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Edinburgh Uni Named And Shamed Over Animal Testing
Five of Britain's top universities have been named and shamed over the number of animals tested in their laboratories in 2014.
he University of Oxford headed the list compiled by the anti-vivisection organisation Cruelty Free International, with a total of 226,739 animals used in experiments.
In decreasing order, it was followed by Edinburgh (200,861), University College London (176,901), King's College London (165,068), and Cambridge (160,557).
The figures were obtained by Freedom of Information requests. Of 70 UK universities approached, 48 replied in full while 17 sent partial responses.
Five universities, Manchester, Southampton, Imperial College London, Bristol and Aston failed to return any data, said Cruelty Free International.
Among the animals tested were rats, mice, birds, frogs, fish, ferrets, guinea pigs, rabbits, sheep and monkeys.
Dr Katy Taylor, director of science at Cruelty Free International, formerly the British Union for the Abolition of Vivisection (BUAV), said: ''The public will be shocked to learn that five of the UK's leading universities are responsible for testing on almost one million animals, despite an increasing number of universities recognising this isn't the way to do research.
''We urge them to leave this archaic practice behind and move towards developing innovative and humane research methods for the 21st century.''
Monkey experiments conducted at some universities were said to involve animals being deprived of food or water, having electrodes implanted in their skulls or limbs, and being blasted with loud noise while trapped in a box.
Other ''disturbing'' experiments allegedly included rats being injected with acid to cause brain damage, and pregnant sheep being injected with testosterone twice a week or having their ovaries punctured during surgery.
Testing in universities accounts for around half of all animal experimentation in the UK according to the Home Office, said Cruelty Free International.
Cambridge University said animal research played an ''essential role'' in understanding disease and developing medicines.
A spokesman said: ``We place good welfare at the centre of all our animal research and aim to meet the highest standards: good animal welfare and good science go hand-in-hand.
''Our research is scrutinised by the Animal Welfare and Ethical Review Body, who strive to reduce the number of animals used.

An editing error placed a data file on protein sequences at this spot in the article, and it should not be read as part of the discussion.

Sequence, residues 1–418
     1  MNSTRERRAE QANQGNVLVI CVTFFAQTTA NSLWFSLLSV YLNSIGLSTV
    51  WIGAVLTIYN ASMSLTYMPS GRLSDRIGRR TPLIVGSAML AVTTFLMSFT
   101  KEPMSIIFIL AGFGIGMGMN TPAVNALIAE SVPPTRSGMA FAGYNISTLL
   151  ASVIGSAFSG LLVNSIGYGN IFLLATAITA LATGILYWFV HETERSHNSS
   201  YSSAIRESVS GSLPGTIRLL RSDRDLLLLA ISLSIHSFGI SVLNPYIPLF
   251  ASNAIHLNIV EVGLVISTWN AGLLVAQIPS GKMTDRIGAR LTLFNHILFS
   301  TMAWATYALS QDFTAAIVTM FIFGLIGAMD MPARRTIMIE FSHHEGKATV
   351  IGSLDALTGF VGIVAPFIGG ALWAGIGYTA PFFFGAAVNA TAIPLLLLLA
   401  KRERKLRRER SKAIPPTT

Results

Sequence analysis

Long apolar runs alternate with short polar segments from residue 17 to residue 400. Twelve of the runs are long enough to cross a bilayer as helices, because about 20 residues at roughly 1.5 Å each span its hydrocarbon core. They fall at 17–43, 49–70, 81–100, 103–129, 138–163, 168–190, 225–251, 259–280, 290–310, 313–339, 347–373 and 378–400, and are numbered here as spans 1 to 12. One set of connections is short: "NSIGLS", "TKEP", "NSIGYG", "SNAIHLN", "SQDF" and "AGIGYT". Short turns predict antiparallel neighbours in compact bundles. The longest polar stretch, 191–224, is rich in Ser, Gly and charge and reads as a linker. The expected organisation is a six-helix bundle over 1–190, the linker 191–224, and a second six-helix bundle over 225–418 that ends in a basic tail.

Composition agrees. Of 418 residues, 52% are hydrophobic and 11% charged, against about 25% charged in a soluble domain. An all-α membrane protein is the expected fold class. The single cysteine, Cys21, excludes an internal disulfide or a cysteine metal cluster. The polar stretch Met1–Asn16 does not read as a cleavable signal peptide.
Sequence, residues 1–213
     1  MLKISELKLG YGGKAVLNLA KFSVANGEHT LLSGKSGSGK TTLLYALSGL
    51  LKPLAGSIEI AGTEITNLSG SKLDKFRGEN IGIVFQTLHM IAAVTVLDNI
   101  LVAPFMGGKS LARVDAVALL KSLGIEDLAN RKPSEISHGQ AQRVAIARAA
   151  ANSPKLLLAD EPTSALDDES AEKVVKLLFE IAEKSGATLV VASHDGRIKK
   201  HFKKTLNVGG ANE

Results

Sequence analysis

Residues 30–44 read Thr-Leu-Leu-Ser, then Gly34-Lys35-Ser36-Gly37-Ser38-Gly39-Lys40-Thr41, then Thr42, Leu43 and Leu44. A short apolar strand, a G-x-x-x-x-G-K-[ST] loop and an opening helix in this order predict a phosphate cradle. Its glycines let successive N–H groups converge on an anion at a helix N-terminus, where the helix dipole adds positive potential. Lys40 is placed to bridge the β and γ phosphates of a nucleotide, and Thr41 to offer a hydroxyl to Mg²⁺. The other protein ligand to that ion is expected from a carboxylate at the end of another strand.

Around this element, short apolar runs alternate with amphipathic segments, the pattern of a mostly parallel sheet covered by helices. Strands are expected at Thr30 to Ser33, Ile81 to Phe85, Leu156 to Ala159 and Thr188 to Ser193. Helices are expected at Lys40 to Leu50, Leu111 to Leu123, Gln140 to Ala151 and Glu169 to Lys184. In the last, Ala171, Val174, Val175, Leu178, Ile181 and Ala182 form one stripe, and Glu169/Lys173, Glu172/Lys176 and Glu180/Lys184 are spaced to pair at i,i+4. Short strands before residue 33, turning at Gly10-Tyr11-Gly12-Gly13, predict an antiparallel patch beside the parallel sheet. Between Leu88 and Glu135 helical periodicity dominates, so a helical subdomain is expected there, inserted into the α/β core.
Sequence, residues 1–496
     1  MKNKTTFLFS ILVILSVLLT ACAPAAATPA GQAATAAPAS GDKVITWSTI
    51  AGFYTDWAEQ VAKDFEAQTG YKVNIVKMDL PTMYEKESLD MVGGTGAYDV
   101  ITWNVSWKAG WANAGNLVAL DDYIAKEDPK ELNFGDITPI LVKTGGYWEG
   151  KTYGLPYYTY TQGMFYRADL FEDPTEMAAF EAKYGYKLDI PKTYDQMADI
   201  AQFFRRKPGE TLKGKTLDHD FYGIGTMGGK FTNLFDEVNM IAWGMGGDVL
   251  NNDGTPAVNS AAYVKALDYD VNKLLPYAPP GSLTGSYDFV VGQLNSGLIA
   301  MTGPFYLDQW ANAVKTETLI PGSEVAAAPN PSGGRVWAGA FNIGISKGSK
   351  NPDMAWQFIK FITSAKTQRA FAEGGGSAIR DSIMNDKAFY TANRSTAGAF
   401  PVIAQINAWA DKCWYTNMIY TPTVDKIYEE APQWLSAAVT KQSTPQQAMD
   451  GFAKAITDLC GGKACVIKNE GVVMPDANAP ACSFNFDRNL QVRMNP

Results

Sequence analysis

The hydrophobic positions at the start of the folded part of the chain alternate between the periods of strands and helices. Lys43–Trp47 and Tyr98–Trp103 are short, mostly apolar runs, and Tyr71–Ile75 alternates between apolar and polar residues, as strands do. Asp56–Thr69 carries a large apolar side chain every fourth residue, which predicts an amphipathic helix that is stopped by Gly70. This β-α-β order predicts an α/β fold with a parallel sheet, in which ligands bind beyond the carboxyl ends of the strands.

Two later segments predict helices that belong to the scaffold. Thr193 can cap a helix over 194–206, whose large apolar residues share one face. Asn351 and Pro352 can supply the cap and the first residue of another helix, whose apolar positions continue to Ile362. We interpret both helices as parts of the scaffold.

''Although animals will play a role in biomedical research for the foreseeable future, we aim to use the minimum number possible. Our researchers are actively looking at ways to help refine their science and to reduce - and ultimately replace - the use of animals in research.''
King's College London said its work with animals was ``part of the basis for major research breakthroughs in health and medicine''.
A spokesman added: ''Animal research at King's is ethically reviewed and we only use animal models where there is no other viable alternative.
''We are dedicated to high standards of animal welfare at King's and all of our animals are cared for in accordance with strict Home Office regulations.''
A statement from University College London said: ''UCL is committed to openness about our animal research and we are a signatory to the Concordat on Openness on Animal Research in the UK.
''All figures quoted in the Cruelty Free International release are freely available on our dedicated Animal Research website: http://www.ucl.ac.uk/animal-research/facts-figures.''
A University of Edinburgh spokesman said: ''The University of Edinburgh is the largest university in Scotland and one of the UK's top rated research universities. A small proportion of our research involves the use of animals as a vital component of the quest to advance medical, biological and veterinary science.
''We use animals in research programmes - predominately rodents and fish (97%) only when their use is justified on scientific, ethical and legal grounds, and when no alternatives are available.
''All such work is strictly regulated and carried out under licences, which are reviewed and approved by the Home Office and are issued only if the potential benefits of the work are likely to outweigh the effects on the animals concerned.''
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